When simple living isn’t simple

There’s never enough time to do all the nothing you want.
~Calvin and Hobbes

My friend Mike is baking his own bread. Which is awesome. One day I will bake my own bread and I will be awesome, too.

But as much as I’d like to, and as cheap as it would be, I’m going to put off the bread making for a while longer.

But why not? Making my own bread is cheap, environmentally conscious, and flat-out good.

I don’t because, quite frankly, I don’t have enough spoons. I work fifty to sixty hours a week, write for this blog, keep my apartment clean (doubly hard at the moment since my roommate’s out and thus I have to care for the ferrets), and cook most of my food. On top of that I bike one day a week to work and on Saturday mornings to complete my errands. And at some point I have to have some “me” time to recharge. And I eat a lot of bread. A fuckton of bread. I’d go through probably two or three home-made loaves of bread a week.

Baking bread isn’t hard. I’ve done it before. But I’d have to think “Do I have enough bread for tomorrow?” If not, and it’s a workday, I’d probably end up at the store. I have a hard enough time cooking and washing dishes and taking care of shit on work nights. Especially when I work a ten or twelve hour day. I run out of time. Bread making would end up being yet another item to add to my ever-growing list of Crap That Gets Done on Weekends.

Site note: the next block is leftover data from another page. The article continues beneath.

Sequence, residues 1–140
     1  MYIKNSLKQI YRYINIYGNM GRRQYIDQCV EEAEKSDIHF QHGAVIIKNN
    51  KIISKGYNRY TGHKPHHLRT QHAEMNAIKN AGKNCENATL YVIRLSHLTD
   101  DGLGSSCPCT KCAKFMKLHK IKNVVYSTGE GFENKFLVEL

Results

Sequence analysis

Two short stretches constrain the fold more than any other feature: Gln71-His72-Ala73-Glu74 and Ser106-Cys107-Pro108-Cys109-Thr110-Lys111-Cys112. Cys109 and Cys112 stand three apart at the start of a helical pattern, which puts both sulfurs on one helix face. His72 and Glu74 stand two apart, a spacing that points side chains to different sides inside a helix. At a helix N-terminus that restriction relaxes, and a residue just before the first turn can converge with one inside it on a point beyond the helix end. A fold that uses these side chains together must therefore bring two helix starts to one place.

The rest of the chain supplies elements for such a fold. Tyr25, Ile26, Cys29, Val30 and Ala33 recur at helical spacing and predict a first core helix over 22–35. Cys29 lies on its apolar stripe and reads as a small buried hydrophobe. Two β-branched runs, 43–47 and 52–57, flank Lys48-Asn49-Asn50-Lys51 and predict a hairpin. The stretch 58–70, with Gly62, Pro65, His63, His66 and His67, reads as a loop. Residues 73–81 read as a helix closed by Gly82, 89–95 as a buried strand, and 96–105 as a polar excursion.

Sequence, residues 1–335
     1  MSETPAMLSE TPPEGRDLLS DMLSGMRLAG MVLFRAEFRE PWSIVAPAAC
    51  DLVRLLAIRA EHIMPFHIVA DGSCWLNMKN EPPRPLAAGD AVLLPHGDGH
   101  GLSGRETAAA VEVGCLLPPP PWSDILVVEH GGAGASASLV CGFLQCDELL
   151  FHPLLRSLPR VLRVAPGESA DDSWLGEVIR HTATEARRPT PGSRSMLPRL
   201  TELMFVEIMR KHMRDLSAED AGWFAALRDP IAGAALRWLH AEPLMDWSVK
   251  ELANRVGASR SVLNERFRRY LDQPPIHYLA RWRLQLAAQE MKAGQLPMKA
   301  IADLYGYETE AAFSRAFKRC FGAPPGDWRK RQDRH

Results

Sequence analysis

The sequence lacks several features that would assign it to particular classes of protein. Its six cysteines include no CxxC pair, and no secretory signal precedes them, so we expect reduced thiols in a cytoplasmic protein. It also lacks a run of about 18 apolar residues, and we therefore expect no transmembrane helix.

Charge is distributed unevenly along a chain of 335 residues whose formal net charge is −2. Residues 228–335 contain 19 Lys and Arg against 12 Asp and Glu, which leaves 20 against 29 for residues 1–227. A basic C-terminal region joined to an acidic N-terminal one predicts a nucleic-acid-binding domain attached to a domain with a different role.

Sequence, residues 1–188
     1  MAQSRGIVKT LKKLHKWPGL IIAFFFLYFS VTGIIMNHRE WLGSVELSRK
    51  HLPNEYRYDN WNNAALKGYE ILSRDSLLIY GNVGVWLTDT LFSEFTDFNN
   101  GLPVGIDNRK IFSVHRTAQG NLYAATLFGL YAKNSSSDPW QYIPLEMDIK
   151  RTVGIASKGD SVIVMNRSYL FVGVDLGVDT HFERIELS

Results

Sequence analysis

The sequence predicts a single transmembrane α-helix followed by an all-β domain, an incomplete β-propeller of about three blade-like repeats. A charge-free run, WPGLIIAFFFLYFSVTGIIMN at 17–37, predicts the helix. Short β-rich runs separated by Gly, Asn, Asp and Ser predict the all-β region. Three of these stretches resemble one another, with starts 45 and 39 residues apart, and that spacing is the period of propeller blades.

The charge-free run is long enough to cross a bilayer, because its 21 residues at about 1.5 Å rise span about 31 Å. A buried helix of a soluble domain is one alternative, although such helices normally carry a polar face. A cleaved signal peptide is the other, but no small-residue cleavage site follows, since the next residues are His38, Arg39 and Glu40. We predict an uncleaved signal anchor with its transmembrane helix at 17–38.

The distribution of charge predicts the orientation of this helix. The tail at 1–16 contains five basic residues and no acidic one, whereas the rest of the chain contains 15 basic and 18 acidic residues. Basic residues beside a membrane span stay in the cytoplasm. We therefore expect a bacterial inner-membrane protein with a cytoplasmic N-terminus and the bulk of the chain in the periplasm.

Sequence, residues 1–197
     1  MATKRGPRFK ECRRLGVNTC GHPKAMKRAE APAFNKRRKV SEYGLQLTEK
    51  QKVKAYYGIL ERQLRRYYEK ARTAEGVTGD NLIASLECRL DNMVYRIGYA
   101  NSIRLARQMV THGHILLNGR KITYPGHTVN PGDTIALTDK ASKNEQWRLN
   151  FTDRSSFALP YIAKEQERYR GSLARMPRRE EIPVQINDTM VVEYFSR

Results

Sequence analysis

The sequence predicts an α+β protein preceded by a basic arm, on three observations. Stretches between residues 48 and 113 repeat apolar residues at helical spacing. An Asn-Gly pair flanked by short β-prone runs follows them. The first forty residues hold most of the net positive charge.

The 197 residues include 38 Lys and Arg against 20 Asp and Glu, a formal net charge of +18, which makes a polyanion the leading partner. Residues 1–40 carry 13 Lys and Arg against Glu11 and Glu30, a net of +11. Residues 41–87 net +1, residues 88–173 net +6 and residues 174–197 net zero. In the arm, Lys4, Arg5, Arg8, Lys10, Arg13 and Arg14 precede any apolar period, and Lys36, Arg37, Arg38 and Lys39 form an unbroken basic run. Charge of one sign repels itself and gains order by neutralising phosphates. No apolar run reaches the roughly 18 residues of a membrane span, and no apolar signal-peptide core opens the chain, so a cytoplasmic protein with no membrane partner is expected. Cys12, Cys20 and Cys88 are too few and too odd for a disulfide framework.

At some point you have to decide if it’s worth it or not. Right now it’s not. Maybe later, when I’m working just the one job and not eating fucking toast for breakfast every morning.

It just may be that I could in fact, pull it off without undue stress. Maybe I’m just thinking it’ll be more trouble than it’s worth. But I think by now I have a pretty good idea of what I can and cannot handle. It’s important to not use the Spoon Theory to say “Oh, well, I can’t do that,” but it’s also important to realize when something just might tip you over the edge. There’s a fine line between pushing yourself just enough and pushing yourself too hard.

But for now I shall stare longingly at Mike’s bread and curse the preservative-laden, wheat-flavored, enriched crap I eat for breakfast every morning. I wish I had more jam. Or Nutella. Something to spread on toast that is not butter. Let me tell you, internets, two slices of buttered toast does not a filling breakfast make.


3 Responses to “When simple living isn’t simple”

  1. You know, you might think it takes a lot of time, but really it’s just the initial 20 min or so to prep the dough. Everything else is just letting it sit in varying degrees of warmness. In fact, about the only real inconvenience, besides washing stuff…I hate doing dishes…, is the amount of physical effort it takes to mix and knead the dough. If you’re not used to exercising your arms, you /will/ be sore after fifteen minutes of stirring and kneading.

    And really, it’s not just about making your own bread; it’s about building the habit of using a kitchen over using a grocery store. To be honest, I don’t trust the companies that make things I can afford to make decisions that are better for me than for their bottom line. Things I /would/ buy, on the other hand, tend to be prohibitively expensive, or not readily available in an area where people are still stuck with the misconception that big box means good for you.

    • I agree fully. But right now for me…well, just the other night I literally got home from work, washed dishes, went to the store, got online to update the blog…and discovered that it was prettty much bedtime. That was all I got to do. I literally sat and stared at the clock and went “but I haven’t done anything…” And then went to bed. I wanted to cry.

  2. WhiteFox Says:

    Freshly baked is how bread SHOULD be. I don’t blame ya for your desires.

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